Anonymous Christian

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Anonymous Christian is the controversial notion concerning the fate of the unlearned which was introduced by the Jesuit theologian Karl Rahner (1904–1984) that declares that people who have never heard the Christian Gospel might be saved through Christ. Non-Christians could have "in [their] basic orientation and fundamental decision," Rahner wrote, "accepted the salvific grace of God, through Christ, although [they] may never have heard of the Christian revelation."[1]

The theologians W. D. Davies and Dale Allison wrote that proponents of the notion find scriptural support in Romans 2:14–16, as well as in Matthew 25:31–46.[a][2]

The notion of inclusivism, for which Rahner's Anonymous Christian is the principal Christian model, is "perhaps the most popular of interreligious postures."[3]

Karl Rahner[edit]

Karl Rahner accepted the notion that without Christ it was impossible to achieve salvation, but he could not accept the notion that people who have never heard of Jesus would be condemned.[4]

"Anonymous Christianity" means that a person lives in the grace of God and attains salvation outside of explicitly constituted Christianity. A Protestant Christian is, of course, "no anonymous Christian"; that is perfectly clear. But, let us say, a Buddhist monk (or anyone else I might suppose) who, because he follows his conscience, attains salvation and lives in the grace of God; of him I must say that he is an anonymous Christian; if not, I would have to presuppose that there is a genuine path to salvation that really attains that goal, but that simply has nothing to do with Jesus Christ. But I cannot do that. And so if I hold if everyone depends upon Jesus Christ for salvation, and if at the same time I hold that many live in the world who have not expressly recognized Jesus Christ, then there remains in my opinion nothing else but to take up this postulate of an anonymous Christianity.[5]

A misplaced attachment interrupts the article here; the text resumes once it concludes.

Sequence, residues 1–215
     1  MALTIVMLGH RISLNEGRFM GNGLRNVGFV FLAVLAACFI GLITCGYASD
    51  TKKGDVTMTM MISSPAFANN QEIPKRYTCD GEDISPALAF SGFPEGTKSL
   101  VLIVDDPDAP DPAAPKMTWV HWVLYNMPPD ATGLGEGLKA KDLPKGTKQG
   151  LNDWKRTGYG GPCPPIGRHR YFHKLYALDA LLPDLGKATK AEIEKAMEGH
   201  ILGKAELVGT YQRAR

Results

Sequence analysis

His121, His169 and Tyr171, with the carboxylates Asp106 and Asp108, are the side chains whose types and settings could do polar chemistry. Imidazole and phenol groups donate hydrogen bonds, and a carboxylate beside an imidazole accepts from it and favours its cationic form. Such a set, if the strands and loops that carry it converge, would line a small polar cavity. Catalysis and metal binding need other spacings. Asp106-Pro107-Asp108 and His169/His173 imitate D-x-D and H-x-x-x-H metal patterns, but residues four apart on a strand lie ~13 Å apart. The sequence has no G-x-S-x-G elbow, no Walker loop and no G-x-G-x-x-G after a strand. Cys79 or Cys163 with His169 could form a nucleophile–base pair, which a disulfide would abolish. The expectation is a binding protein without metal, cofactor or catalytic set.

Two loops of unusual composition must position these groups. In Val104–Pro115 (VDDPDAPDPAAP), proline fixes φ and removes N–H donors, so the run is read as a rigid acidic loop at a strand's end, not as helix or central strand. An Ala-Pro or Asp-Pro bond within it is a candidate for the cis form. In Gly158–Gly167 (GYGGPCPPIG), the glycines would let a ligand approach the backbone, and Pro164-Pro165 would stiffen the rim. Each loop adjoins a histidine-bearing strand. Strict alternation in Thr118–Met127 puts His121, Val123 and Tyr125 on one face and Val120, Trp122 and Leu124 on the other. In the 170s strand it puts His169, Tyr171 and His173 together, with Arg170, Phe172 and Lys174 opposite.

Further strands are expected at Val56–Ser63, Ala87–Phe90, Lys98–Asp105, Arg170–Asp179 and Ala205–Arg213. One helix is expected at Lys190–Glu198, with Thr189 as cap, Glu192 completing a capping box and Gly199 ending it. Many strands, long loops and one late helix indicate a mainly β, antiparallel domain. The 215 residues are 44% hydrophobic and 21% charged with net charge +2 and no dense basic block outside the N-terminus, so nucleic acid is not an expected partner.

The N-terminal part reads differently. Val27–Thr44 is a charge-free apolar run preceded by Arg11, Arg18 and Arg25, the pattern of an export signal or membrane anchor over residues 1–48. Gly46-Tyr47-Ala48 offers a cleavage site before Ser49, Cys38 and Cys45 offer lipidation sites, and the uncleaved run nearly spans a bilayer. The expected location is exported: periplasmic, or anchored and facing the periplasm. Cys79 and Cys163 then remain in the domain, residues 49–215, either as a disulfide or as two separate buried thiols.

According to Rahner, a person could "intellectually profess disbelief but [be] existentially ... committed to those values which for the Christian are concretized in God."[6]

Vatican II[edit]

Karl Rahner's concept of Anonymous Christian was one of the most influential theological ideals to affect the Second Vatican Council.[4]


The Anonymous Christian theory has been widely criticized. After becoming Pope Benedict XVI Ratzinger refined his own position on the theory:[7]

"Lately several attempts have been formulated in order to reconcile the universal necessity of the Christian faith with the opportunity to save oneself without it.

... the well-known thesis of the anonymous Christians of Karl Rahner... sustains that the basic, essential act at the basis of Christian existence, decisive for salvation, in the transcendental structure of our consciousness, consists in the opening to the entirely Other, toward unity with God. The Christian faith would in this view cause to rise to consciousness what is structural in man as such. So when a man accepts himself in his essential being, he fulfills the essence of being a Christian without knowing what it is in a conceptual way. The Christian, therefore, coincides with the human and, in this sense, every man who accepts himself is a Christian even if he does not know it. It is true that this theory is fascinating, but it reduces Christianity itself to a pure conscious presentation of what a human being is in himself and therefore overlooks the drama of change and renewal that is central to Christianity. Even less acceptable is the solution proposed by the pluralistic theories of religion, for which all religions, each in their own way, would be ways of salvation and in this sense, in their effects must be considered equivalent.

The critique of religion of the kind exercised in the Old Testament, in the New Testament and in the early Church is essentially more realistic, more concrete and true in its examination of the various religions. Such a simplistic reception is not proportional to the magnitude of the issue."